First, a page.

You will also have to pay a $200 registration fee.

You can also improve your employment and earning prospects as a patient care technician by becoming certified through the National Center for Competency Testing.

Several routes can help you become certified by NCCT:

  1. You can apply for certification while you are enrolled in a Patient Care Technician Program but you will be required to submit the graduation documents within two years after completing the program to receive your certification.
  2. If you have already graduated from an accredited program within the last five years you can apply for certification by submitting a copy of your diploma or equivalent and paying a fee. This fee is $90 for those who want to take the test within six months of graduation and $135 for those who take the test after more than six months of graduation.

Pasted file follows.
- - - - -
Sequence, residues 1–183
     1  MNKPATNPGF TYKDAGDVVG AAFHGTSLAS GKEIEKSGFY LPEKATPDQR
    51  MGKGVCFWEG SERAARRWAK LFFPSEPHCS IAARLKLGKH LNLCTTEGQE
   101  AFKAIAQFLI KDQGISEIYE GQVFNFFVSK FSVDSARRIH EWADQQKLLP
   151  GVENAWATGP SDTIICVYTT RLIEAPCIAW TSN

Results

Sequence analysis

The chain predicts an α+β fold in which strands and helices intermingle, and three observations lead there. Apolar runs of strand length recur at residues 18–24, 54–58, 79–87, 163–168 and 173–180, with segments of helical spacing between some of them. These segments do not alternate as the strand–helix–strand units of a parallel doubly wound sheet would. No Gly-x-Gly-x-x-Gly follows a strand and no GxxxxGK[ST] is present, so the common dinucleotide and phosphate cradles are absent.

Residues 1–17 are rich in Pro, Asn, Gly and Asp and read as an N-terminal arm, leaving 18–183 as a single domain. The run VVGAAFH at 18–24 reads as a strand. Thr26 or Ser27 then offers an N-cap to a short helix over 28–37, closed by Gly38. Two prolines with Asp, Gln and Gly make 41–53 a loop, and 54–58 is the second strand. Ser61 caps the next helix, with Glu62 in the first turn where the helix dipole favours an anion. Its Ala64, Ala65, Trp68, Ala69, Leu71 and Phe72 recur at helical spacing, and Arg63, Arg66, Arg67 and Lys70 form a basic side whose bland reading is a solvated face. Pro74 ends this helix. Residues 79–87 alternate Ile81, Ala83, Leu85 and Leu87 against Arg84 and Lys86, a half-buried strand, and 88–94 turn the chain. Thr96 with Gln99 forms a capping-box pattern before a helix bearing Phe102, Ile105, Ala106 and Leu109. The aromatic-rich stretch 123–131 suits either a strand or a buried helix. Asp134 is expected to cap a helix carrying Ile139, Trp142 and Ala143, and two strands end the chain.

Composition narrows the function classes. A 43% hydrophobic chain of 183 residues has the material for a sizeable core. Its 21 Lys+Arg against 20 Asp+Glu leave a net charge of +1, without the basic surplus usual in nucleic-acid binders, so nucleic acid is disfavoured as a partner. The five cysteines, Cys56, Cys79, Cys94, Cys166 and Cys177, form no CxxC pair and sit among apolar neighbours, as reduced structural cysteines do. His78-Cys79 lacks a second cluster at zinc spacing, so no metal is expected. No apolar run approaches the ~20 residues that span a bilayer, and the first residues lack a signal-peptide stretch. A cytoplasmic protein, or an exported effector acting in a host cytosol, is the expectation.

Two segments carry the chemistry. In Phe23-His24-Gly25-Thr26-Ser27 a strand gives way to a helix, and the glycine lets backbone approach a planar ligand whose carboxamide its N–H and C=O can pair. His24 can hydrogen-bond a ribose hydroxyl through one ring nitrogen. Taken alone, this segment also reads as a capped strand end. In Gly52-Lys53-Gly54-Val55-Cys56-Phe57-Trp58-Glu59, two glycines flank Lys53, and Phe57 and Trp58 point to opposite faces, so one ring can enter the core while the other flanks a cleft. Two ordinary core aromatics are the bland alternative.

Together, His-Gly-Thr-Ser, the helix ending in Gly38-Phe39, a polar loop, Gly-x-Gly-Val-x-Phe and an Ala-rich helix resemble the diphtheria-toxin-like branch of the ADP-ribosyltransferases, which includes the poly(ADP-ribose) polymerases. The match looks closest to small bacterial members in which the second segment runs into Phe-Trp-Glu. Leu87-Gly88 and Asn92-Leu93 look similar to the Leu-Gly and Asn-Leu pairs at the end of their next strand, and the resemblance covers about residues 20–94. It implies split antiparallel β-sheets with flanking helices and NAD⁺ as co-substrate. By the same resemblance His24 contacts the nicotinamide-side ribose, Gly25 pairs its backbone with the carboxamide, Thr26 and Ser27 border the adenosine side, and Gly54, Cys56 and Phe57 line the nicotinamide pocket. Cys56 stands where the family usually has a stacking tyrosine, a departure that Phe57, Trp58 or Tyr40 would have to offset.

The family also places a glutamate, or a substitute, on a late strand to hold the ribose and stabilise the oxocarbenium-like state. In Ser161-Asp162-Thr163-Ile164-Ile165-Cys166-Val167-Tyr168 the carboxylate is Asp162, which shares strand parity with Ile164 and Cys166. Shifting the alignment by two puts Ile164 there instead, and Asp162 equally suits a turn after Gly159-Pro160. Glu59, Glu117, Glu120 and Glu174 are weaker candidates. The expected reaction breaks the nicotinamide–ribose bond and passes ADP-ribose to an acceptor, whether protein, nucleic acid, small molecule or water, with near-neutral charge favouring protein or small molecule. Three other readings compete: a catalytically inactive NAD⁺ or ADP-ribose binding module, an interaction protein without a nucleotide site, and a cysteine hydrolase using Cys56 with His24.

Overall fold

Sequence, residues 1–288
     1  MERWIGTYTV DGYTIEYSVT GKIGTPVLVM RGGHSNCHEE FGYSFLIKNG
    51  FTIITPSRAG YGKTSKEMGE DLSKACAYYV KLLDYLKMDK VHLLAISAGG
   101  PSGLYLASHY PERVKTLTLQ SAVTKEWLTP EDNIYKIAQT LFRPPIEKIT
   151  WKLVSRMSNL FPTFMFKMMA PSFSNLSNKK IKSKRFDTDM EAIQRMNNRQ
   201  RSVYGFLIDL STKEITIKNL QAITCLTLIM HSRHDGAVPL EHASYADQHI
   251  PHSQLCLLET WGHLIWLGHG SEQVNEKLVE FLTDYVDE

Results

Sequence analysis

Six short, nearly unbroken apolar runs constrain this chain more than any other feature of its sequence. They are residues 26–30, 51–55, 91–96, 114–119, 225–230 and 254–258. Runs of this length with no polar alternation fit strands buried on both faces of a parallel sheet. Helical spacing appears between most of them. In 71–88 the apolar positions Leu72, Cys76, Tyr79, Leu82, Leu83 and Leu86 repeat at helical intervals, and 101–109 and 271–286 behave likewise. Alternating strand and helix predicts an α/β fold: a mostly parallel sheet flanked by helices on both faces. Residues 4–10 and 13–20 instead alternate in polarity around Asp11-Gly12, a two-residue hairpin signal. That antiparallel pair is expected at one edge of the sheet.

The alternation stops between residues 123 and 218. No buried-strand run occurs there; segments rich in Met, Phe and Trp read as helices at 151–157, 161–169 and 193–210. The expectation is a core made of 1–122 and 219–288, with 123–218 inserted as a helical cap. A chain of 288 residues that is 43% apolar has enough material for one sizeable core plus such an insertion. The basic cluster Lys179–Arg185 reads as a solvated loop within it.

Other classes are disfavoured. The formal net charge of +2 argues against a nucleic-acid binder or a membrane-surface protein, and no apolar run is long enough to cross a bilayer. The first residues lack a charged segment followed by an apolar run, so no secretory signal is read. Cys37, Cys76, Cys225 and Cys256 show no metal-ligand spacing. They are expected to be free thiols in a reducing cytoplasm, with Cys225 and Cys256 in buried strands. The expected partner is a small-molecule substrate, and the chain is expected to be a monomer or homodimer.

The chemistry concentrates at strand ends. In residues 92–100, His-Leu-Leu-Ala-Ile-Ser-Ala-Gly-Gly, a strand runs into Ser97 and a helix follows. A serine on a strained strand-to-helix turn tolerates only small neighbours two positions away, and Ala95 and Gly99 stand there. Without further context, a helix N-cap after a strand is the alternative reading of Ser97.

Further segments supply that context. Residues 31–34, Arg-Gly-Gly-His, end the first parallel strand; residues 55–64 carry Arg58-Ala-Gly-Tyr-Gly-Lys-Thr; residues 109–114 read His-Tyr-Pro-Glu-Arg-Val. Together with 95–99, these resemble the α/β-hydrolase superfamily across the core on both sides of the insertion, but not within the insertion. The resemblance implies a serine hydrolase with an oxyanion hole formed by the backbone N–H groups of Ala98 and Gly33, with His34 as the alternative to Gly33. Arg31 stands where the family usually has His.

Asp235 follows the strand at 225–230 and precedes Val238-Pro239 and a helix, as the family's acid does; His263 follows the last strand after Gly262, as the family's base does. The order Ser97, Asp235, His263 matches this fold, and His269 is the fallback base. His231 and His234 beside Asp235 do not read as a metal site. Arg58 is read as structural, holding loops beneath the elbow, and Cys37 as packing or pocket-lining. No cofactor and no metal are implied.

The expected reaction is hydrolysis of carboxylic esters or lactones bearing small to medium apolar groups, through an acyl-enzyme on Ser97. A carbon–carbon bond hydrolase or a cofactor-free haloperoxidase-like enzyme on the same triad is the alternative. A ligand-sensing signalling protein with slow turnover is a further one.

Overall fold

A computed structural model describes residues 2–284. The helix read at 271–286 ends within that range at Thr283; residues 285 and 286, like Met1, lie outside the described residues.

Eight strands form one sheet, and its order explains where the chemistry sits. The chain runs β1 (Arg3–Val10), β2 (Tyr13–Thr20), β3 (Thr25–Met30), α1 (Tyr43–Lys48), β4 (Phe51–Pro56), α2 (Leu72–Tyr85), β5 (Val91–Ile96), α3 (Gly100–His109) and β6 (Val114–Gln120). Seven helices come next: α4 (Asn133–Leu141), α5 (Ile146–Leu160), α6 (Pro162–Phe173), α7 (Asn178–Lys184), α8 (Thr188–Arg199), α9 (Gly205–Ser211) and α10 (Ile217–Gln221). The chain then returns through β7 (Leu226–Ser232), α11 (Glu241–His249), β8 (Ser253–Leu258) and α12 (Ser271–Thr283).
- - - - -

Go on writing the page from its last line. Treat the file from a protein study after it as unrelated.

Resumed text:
3. You can also apply for certification if you have 1 year of work experience as a patient care technician under the supervision of a certified physician or primary care technician. In this case, the exam fee is $135.
  4. Those who have completed training during U.S. military service or are members of the United States Armed Forces and their spouses can also apply for this credential if they have relevant work experience of at least 1 year. The exam fee is $90.

Average Training Program Duration: 0-1 Year


Job Outlook